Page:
Newhouse, Schrader Lead Bipartisan Request Urging President Trump to Renegotiate Columbia River Treaty

June 21, 2017
Press Release

WASHINGTON, D.C.  – Reps. Dan Newhouse (R-WA) and Kurt Schrader (D-OR) were joined today by Reps. Cathy McMorris Rodgers (R-WA), Peter DeFazio (D-OR), Greg Walden (R-OR), Jaime Herrera Beutler (R-WA), and Dave Reichert (R-WA) in a bipartisan letter urging President Trump to commence negotiations with Canada over the Columbia River Treaty (CRT) as soon as possible. 

“Managing the flow of the Columbia River and its tributaries governs our way of life in Central Washington in many ways,” said Rep. Newhouse. “Renegotiating the Columbia River Treaty has an enormous impact on jobs, hydropower, water storage, flood control, and the environment in the Pacific Northwest. It is important to begin formal negotiations as soon as possible to address certain inequities, such as the ‘Canadian Entitlement,’ as well as to ensure we have an updated and equitable treaty for the 21st century. I am encouraged to be joined by my colleagues to request the President’s administration begin proactive engagement on modernizing the treaty with our northern neighbor.”

“For more than 50 years the Columbia River Treaty has fostered important cooperation between the U.S. and Canada as it relates to flood control, water storage, and clean renewable hydropower,” said Rep. Schrader. “Through the treaty, our communities along the river have been better protected and able to enjoy the economic growth that clean energy production generates. However, we continue to pay exorbitant sums for Canadian flood control improvements constructed years ago. Renegotiation of this treaty is long overdue. It’s time for our Canadian friends to come to the table in a meaningful way so we can strike a fair deal that reflects where we are in the 21st Century.”

Background: Updating the Columbia River Treaty, which has not been revised since it was ratified in 1964, will allow the U.S. and Canada to find solutions for management of the river that could provide new opportunities for cooperation on clean energy solutions, flood control, and economic growth in the Pacific Northwest region. In 2016, Reps. Newhouse and Schrader joined U.S. House and Senate colleagues to call on the U.S. State Department under President Obama to finalize its negotiating parameters and to press Canada to appoint a lead negotiator. Both actions are required for formal discussions to begin.

Full text of the letter can be found here.

June 21, 2017


President Donald Trump

The White House

1600 Pennsylvania Ave, NW

Washington, DC 20500


Dear Mr. President:

We are writing to inform you of the importance of renegotiating the Columbia River Treaty (CRT) to the Pacific Northwest region and to request your assistance in commencing negotiations with Canada over the agreement as soon as possible, including use of available negotiation options, such as a “Notice of Termination,” to incentivize Canada to come to the table. 

The CRT was first established in 1964 to provide the framework for the United States and Canada to invest in greater water storage capabilities in the Columbia River Basin and to increase coordination between our countries on issues such as flood control and power generation, which benefit both nations. For over 50 years, the Treaty provided critical flood control protections and enhanced power generation from clean, renewable hydropower.  However, the current agreement is now outdated and needs to be renegotiated in order to ensure the United States, and communities across the Pacific Northwest, are not unduly burdened by provisions contained in the original CRT.  While the Treaty has been successful, it also contains various assumptions and shortcomings, which have led to distortions that greatly affect the CRT’s value to the United States beyond its 60-year minimum term. We believe these negotiations provide the United States and your Administration with a unique opportunity to renegotiate this international agreement in a way that protects our country’s interests while strengthening and maintaining our historically strong relationship with Canada.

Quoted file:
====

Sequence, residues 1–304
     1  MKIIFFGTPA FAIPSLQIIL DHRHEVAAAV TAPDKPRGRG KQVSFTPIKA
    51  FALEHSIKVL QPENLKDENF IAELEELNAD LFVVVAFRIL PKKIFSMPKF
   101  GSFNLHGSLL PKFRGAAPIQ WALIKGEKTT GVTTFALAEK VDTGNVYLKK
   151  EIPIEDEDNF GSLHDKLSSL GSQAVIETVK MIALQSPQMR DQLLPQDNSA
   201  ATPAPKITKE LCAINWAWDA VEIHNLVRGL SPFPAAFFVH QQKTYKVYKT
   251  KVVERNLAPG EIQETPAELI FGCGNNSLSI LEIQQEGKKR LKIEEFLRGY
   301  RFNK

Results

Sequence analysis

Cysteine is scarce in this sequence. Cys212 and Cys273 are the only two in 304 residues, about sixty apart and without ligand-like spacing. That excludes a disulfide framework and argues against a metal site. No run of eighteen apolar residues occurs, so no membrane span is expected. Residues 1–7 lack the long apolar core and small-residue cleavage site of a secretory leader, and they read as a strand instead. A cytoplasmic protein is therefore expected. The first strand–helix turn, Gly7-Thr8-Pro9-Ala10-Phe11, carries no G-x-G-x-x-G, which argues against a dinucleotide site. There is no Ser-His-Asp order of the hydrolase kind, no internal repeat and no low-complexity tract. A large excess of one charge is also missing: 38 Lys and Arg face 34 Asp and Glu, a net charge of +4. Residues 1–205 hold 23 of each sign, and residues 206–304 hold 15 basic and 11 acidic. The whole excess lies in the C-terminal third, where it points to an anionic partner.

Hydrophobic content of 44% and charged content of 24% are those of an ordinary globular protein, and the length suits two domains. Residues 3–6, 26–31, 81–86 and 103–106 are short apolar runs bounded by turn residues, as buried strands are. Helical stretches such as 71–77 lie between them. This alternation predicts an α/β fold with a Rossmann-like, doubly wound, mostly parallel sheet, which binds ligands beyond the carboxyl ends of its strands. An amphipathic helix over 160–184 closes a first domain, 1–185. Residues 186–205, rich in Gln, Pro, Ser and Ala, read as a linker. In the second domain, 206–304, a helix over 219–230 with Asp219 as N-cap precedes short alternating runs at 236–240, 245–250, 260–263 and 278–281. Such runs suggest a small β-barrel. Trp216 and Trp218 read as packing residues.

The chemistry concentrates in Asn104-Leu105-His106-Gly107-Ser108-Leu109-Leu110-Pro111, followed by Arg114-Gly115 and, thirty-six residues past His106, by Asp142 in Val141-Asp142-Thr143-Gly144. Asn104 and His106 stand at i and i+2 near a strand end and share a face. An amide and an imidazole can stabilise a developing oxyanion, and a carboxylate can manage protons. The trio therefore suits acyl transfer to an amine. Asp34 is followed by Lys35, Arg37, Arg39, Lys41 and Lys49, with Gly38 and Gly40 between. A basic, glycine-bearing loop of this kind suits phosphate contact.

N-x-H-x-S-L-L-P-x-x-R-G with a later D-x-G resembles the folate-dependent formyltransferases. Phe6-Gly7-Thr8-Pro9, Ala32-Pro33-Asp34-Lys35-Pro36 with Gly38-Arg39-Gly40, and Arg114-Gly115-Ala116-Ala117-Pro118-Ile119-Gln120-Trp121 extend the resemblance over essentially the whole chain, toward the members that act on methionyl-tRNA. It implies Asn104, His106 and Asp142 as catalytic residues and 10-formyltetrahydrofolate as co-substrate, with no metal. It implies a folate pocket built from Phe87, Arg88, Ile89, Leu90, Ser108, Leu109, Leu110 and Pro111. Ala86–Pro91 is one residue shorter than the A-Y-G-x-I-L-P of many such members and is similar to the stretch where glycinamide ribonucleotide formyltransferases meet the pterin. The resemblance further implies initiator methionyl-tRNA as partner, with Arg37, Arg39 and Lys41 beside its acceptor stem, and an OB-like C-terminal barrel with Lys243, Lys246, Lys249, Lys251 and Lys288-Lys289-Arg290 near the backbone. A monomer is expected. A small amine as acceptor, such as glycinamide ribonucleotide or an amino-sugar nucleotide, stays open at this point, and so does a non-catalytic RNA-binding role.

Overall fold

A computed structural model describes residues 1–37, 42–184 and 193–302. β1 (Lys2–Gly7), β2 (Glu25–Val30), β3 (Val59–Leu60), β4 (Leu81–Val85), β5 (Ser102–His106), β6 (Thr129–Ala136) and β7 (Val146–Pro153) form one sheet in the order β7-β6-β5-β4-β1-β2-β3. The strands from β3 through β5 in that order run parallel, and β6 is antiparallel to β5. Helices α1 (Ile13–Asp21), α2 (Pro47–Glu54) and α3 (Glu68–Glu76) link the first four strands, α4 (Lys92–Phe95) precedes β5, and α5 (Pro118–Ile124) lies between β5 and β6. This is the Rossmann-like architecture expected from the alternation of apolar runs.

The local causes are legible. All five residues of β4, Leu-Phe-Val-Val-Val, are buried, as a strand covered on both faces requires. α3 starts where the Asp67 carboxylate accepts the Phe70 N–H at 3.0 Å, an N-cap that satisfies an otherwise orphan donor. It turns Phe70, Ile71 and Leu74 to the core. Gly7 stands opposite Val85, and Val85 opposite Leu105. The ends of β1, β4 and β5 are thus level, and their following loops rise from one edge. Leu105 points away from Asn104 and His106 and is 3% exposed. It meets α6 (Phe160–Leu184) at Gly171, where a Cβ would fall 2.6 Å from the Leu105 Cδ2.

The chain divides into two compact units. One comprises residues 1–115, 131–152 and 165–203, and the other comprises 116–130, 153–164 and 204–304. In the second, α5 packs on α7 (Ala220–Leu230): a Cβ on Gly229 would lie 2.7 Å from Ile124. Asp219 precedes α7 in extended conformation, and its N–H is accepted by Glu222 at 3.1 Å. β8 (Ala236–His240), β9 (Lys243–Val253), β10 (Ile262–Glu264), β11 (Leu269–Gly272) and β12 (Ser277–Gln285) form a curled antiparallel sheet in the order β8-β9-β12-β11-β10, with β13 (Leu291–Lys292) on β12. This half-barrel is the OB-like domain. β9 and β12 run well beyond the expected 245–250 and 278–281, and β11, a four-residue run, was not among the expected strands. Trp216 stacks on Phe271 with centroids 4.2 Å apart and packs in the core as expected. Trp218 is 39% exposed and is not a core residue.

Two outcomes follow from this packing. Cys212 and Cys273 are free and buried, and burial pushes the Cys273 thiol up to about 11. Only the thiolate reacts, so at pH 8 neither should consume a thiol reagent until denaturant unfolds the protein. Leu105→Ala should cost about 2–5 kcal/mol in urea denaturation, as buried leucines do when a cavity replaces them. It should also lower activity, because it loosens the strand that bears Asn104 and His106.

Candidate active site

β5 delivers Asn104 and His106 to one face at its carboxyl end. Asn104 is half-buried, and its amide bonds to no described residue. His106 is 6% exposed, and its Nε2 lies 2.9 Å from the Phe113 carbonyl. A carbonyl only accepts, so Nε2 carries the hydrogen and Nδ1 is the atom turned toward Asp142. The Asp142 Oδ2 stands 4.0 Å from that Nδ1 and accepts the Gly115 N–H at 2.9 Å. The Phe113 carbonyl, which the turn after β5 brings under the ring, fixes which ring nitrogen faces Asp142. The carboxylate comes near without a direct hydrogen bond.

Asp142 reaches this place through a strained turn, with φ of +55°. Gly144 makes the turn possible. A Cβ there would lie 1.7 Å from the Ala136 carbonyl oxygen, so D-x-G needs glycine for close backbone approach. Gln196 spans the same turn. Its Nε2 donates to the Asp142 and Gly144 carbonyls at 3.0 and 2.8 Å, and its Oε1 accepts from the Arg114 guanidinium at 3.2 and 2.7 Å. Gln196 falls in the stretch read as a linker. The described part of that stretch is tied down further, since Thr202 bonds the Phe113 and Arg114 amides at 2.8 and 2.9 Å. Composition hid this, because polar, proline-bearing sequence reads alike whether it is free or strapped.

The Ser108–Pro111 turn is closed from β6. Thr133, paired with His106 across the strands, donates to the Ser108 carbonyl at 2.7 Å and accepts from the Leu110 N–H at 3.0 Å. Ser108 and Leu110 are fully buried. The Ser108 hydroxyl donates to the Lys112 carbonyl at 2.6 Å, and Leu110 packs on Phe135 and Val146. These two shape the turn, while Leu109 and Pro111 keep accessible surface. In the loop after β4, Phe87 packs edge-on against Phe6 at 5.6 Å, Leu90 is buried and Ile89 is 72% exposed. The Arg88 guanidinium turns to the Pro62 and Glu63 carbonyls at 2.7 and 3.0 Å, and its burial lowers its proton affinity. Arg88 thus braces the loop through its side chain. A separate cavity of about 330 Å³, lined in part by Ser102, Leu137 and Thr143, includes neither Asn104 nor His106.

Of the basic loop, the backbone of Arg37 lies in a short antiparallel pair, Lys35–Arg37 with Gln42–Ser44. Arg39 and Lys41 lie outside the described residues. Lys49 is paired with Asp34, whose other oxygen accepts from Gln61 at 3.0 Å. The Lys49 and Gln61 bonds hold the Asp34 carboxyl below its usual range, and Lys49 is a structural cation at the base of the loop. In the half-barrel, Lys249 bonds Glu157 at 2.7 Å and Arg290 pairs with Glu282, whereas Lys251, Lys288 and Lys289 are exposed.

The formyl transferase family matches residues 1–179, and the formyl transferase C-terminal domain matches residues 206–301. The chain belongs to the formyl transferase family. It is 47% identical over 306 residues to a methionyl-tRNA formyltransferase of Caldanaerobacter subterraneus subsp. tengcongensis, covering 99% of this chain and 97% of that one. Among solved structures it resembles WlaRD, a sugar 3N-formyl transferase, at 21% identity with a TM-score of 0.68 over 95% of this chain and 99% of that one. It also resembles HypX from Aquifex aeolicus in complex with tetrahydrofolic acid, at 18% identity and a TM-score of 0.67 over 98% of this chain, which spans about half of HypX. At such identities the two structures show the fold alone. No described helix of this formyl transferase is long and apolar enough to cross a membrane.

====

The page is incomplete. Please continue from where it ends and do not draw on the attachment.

This is an issue of paramount importance to the entire Pacific Northwest region as it affects our economy, power generation, electricity rates, and flood control needs of communities along more than 1,200 miles of the Columbia River and its tributaries.  The Treaty provided for the cooperative development of the water resources of the Columbia River Basin, with Canada providing flood control activities in return for compensation derived from power generation in the United States.  Over time, inequities have arisen due to the outdated formula by which the United States compensates Canada for power coordination benefits (detailed in Article XIX), with some estimates showing Canada receives almost ten times the benefits that Pacific Northwest interests receive from coordinated system operations, according to studies conducted by the U.S. Army Corps of Engineers (Corps) and Bonneville Power Administration (BPA), which along with the State Department serve as the main “U.S. Entity” representing the United States in Treaty negotiations with Canada.  The obligation to annually send hydropower benefits to Canada is commonly referred to as the “Canadian Entitlement” and it costs U.S. interests approximately $250 million to $350 million each year. This cost is paid by the 6.4 million Northwest electric customers, represented by more than 80 electric utilities and other entities, who receive power from BPA and the Mid-Columbia Public Utility District’s (PUD), which has clear impacts on power rates paid by Pacific Northwest consumers.